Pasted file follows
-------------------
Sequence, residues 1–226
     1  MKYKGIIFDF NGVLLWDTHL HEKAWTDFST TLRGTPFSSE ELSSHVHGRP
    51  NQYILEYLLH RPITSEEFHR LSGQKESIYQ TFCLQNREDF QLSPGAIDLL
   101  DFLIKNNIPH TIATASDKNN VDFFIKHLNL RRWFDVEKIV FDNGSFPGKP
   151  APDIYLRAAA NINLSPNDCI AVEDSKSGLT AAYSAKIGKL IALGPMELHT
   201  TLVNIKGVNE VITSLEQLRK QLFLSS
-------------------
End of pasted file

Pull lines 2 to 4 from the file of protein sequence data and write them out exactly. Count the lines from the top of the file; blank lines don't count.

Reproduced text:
     1  MKYKGIIFDF NGVLLWDTHL HEKAWTDFST TLRGTPFSSE ELSSHVHGRP
    51  NQYILEYLLH RPITSEEFHR LSGQKESIYQ TFCLQNREDF QLSPGAIDLL
   101  DFLIKNNIPH TIATASDKNN VDFFIKHLNL RRWFDVEKIV FDNGSFPGKP